Should You Let Your Child Play Football?
Football is one of America’s favorite sports, but it is also a rather violent sport that can make a mom cringe at the sight of her child being tackled. As a mom of two boys, I’m not sure I want to see either of them play, but I realize that my son(s) may want to play this game, especially since my oldest has a natural athletic ability and love of sports.
Of course, encouraging different sports, as well as other extracurricular activities, is healthy for a child’s physical and social development, but there are also dangers that as parents we must be aware of. With delicate brains that are still growing, any game that can cause head trauma should raise red flags. Playing football, with constant hits to the head, can lead to not only concussions, headaches, and memory loss, but also cause chronic traumatic encephalopathy (CTE), which can ultimately lead to death.
A Deadly Game
Football is a rite of passage for many high school students, especially when they are on the team during their senior year. This was the case for Nathan Stiles, a Kansas high school 2010 senior and Homecoming King, who was also the star running back of his team. Yet the final game of the year, which should have been a celebration, was anything but since it was also the final game of his life.
Earlier in the season, Nathan suffered a concussion during the Homecoming game. To be cautious, he sat out for several weeks before returning to the game after a doctor’s release. Despite recurring headaches, he reportedly felt fine and was ready to play again. After several hits during the game, he walked off the field complaining of head pain and suddenly collapsed. Tragically, the next morning he was pronounced dead and the research to how and why he died began.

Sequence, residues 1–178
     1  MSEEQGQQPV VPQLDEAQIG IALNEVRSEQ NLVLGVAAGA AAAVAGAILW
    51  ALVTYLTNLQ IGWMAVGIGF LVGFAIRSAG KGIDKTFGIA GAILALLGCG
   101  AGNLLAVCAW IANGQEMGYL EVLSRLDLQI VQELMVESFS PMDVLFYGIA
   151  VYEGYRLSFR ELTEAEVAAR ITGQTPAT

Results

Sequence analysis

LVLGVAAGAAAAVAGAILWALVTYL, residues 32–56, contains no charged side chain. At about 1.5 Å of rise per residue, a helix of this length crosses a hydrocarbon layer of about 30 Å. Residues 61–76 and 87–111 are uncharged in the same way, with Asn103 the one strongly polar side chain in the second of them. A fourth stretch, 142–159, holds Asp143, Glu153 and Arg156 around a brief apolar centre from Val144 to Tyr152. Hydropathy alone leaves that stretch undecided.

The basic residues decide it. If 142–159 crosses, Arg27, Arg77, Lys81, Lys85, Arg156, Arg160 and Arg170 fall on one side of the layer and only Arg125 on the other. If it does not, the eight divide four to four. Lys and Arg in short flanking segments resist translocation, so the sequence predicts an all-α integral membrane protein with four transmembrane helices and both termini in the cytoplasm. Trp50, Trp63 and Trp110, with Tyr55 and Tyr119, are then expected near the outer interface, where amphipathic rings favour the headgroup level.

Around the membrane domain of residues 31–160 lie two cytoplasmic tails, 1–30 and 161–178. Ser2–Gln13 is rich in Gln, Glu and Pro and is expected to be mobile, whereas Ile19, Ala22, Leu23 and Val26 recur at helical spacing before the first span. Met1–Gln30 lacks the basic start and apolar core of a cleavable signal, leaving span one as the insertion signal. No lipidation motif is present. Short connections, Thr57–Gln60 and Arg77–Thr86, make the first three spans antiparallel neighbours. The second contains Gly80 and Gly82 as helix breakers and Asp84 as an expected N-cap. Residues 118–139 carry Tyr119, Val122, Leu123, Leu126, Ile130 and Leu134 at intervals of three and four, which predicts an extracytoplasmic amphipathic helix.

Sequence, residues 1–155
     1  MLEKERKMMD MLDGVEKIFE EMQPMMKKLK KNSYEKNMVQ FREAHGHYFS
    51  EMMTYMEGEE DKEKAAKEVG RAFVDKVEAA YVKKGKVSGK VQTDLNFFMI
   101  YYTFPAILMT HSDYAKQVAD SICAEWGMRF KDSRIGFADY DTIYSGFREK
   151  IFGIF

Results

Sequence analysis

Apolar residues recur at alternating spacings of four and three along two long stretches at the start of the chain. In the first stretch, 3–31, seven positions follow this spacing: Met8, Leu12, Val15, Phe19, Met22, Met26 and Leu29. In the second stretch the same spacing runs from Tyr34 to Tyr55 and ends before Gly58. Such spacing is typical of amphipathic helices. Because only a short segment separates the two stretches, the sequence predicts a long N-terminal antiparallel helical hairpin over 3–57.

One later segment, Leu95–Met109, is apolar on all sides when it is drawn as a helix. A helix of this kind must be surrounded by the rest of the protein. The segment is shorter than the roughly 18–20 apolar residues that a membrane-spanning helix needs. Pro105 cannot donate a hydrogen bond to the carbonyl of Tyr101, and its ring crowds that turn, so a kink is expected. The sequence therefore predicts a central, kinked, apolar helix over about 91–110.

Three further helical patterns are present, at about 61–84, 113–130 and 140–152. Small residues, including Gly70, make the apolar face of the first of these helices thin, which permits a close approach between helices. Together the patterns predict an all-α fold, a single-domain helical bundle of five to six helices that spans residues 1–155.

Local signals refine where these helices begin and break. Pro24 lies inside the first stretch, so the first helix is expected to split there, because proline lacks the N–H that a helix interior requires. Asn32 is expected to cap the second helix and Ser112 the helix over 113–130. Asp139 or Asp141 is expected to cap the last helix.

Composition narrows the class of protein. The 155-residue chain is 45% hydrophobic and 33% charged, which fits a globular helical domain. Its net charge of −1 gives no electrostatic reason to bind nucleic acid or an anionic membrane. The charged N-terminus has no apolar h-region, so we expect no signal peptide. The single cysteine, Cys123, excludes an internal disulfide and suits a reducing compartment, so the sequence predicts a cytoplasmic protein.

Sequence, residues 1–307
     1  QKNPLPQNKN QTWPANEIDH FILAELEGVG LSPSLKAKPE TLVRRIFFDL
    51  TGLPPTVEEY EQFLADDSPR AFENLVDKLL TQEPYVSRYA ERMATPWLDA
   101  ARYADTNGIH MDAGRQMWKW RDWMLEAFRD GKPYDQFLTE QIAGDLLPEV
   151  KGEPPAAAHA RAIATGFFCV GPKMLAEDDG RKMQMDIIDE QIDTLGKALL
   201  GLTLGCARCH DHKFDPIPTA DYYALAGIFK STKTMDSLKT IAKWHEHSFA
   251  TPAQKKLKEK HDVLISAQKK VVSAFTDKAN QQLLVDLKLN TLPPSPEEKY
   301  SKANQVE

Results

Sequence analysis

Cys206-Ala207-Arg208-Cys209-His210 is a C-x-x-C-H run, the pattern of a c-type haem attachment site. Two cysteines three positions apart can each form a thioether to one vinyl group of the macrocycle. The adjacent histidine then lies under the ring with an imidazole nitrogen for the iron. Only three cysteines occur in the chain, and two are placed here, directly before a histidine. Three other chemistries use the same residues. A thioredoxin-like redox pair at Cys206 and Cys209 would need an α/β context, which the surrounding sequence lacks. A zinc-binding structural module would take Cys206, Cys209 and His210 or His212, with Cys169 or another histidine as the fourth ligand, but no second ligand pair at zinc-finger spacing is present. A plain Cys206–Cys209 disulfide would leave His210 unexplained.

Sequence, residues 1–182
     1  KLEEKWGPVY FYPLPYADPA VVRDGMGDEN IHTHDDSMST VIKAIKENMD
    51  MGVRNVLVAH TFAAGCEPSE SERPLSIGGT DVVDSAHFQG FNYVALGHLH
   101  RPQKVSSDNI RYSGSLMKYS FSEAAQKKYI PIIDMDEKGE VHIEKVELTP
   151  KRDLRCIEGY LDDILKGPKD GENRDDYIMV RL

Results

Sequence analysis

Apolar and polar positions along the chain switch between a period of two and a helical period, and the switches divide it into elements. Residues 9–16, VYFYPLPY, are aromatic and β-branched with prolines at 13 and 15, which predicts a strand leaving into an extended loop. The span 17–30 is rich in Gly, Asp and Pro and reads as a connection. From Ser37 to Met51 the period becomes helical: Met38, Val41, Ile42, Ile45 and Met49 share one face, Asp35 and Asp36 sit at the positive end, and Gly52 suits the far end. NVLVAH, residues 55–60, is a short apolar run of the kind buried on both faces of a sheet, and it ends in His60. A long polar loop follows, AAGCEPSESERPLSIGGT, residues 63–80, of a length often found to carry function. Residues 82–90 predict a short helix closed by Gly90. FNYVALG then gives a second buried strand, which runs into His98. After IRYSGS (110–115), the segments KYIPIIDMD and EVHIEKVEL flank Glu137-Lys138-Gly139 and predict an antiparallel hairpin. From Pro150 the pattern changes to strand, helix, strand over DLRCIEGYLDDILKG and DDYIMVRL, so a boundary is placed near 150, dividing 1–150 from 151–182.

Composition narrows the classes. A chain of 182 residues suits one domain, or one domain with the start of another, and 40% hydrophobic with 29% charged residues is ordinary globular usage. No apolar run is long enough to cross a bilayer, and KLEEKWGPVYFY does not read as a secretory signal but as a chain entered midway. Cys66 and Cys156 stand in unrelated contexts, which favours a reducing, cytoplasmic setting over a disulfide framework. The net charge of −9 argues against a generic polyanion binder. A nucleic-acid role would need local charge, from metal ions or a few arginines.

Is Football Worth the Risk?
Nathan was the youngest reported case of (CTE), which is a brain degenerative disease found in athletes, who have a history of head trauma. According to the Boston University Center for the Study of Traumatic Encephalopathy, the brain degeneration caused by CTE is “associated with memory loss, confusion, impaired judgment, impulse control problems, aggression, depression, and, eventually, progressive dementia”. For those of you who know someone with Alzheimer’s disease, this description probably sounds familiar, and that is because neuroscientists are finding many similarities between these two forms of brain disease. Shockingly, the same type of damage seen in Alzheimer’s patients has been found in football players in their 40s and 50s. And it was also seen in the brain of 17-year-old Nathan Stiles.
Heartbreaking cases like this are rare, but they also speak to all of us as parents, that we must watch out for our children, no matter what their age. Yes, sports are important developmentally, and they can even lead to college scholarships and career moves, but there are some serious dangers we must be aware of. That chance at fame or fortune isn’t worth the rest of your child’s life. I still don’t have the perfect answer for my children, but I do know that I will be overly cautious with any injury in sporting events and I hope you will do the same.
So, when your child asks you to sign the release to play football, how will you answer?